When asked about what advocacy she communicates through her arts, she told us that she has always been curious and enthusiastic with the indigenous groups of our country. Recently, she was able to work with the Ayta indigenous group for her thesis. It became her way to advocate for the inclusion of the IPs when it comes to decision-making in their own spaces (and how it could be culturally relevant for them).
"Up until now, the field of arts and design is still downplayed even though most of what people see, listen to, and use is connected to it," she said.
As an art student, she struggled with wanting to be unique amidst the fast-paced evolution of trends; there were times when she felt like she was only copying what she found visually pleasing. It somehow made her dishonor her progress as a growing individual. Fortunately, she overcame them by allowing ideas to flow through and work it out along the way. Through this, the idea of just copying is set aside and her identity as a designer and/or creator is prioritized.
"Up until now, the field of arts and design is still downplayed even though most of what people see, listen to, and use is connected to it," she said. She realized that people would never fully understand why this work is vital to society unless they are inconvenienced by unprecedented events that require help from professionals in the said field. Her message for aspiring artists and designers? "Our craft has since then been used as a tool to communicate and express. Until it is equally valued in all terms, do not stop in creating, the field needs you."
A Tribute to Philippine Fiestas, A Celebration of Our Culture
To anyone who misses the joyful frenzy of the fiesta, this design is for you. With COVID-19 pandemic changing the way people celebrate festivals and other occasions, Audrelene Paez’s eye-popping design reminded us of the fun we had dancing and celebrating with people. An instant fave among all the judges, it won the Grand Prize in the #WovenTogetherPH Banig Design Contest 2021. We love the concept that inspired the design and it translated beautifully into a kaleidoscopic pattern that looks great on a laptop sleeve.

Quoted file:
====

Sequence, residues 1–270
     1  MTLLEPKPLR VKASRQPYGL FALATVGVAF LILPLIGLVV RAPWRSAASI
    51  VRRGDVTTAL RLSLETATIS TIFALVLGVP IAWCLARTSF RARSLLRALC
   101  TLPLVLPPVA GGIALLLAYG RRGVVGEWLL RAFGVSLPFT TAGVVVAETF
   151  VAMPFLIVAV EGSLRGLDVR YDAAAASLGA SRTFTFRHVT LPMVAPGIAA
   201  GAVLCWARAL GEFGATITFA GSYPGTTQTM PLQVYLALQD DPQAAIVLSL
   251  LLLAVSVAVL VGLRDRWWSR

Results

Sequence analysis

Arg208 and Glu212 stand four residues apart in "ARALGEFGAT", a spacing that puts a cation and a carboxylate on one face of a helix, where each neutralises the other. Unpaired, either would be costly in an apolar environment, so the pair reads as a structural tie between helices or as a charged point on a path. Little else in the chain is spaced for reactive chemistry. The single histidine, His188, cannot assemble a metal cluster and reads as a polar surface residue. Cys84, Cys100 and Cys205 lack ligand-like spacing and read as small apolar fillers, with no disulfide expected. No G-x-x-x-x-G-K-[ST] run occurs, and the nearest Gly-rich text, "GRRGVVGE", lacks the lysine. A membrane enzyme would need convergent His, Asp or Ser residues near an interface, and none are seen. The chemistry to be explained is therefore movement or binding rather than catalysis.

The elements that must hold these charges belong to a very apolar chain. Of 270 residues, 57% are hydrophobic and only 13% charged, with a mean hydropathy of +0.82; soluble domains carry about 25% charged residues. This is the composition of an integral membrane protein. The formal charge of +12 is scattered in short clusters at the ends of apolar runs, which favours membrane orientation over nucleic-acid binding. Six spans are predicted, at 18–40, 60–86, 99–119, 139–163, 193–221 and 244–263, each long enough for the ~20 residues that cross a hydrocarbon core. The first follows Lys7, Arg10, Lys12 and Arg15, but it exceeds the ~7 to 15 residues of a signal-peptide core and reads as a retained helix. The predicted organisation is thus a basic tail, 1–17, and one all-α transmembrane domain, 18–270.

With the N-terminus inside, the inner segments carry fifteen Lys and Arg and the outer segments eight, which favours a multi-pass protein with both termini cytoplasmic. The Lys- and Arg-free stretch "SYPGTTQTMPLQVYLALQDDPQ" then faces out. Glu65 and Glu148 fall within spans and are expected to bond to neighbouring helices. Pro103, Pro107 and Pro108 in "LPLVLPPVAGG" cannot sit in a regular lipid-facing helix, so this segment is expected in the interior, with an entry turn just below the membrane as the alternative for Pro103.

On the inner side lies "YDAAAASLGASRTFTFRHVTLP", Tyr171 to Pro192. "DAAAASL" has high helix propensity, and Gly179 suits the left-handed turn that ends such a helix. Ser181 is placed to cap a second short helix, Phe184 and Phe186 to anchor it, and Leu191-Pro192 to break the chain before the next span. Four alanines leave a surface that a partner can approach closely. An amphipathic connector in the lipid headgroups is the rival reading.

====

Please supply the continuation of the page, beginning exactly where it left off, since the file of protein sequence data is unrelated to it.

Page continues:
"Think of lively parades, delicious food, upbeat music, celebrations, feasts, and much more! All of these contribute to one of the cultures here in the Philippines— the Fiesta."
Fiesta is her inspiration for this entry as it is also one of the most awaited events of every Filipino. Despite the pandemic and the tough situation we are currently in, some families continue this tradition and celebrate inside their homes. It is true that Filipinos seem to be inherently optimistic and tend to find alternative ways on how to cope.
Audrelene is a graphic designer and she has been in this field for four years. Her penchant for arts and design carried well into adulthood. She knew back then that this is what she would enjoy doing because no two days are the same.
She's a curious creative and she sees beyond the surface of things, comfortable in looking at minute details and stepping back to appreciate the big picture.
As an advocate of Philippine culture, she believes Filipinas can also express confidence and positivity through design. We are all shaped by our experiences – the tradition, the movies we see, books we read, conversations we have, and music we listen to. "There is no limit to what we, as women, can accomplish," she said.
She also shared that she's an introvert. So as an artist, the challenges she faces are getting herself out there and keeping with her craft. There are times when she just doesn't feel like sharing her work with anyone. Although she tries not to indulge in social media, she uses the platform to conquer these challenges and listen to her inner voice to get through the process.
When asked what tips or encouragement she can give to aspiring artists, she said that the perfect moment will never arrive and the best time to start something is now. “Therefore, begin.”